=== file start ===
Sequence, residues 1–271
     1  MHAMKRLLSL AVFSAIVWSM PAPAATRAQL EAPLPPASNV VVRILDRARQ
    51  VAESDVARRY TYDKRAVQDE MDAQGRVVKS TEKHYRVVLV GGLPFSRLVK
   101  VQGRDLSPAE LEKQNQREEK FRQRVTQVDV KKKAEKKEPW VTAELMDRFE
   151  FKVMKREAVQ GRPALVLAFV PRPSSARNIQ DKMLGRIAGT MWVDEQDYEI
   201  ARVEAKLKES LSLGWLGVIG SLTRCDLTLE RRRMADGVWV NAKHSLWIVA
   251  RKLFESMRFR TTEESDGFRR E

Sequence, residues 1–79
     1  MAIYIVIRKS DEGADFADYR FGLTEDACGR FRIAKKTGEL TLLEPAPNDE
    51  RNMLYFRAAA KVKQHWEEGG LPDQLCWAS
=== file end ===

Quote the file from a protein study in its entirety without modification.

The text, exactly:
Sequence, residues 1–271
     1  MHAMKRLLSL AVFSAIVWSM PAPAATRAQL EAPLPPASNV VVRILDRARQ
    51  VAESDVARRY TYDKRAVQDE MDAQGRVVKS TEKHYRVVLV GGLPFSRLVK
   101  VQGRDLSPAE LEKQNQREEK FRQRVTQVDV KKKAEKKEPW VTAELMDRFE
   151  FKVMKREAVQ GRPALVLAFV PRPSSARNIQ DKMLGRIAGT MWVDEQDYEI
   201  ARVEAKLKES LSLGWLGVIG SLTRCDLTLE RRRMADGVWV NAKHSLWIVA
   251  RKLFESMRFR TTEESDGFRR E

Sequence, residues 1–79
     1  MAIYIVIRKS DEGADFADYR FGLTEDACGR FRIAKKTGEL TLLEPAPNDE
    51  RNMLYFRAAA KVKQHWEEGG LPDQLCWAS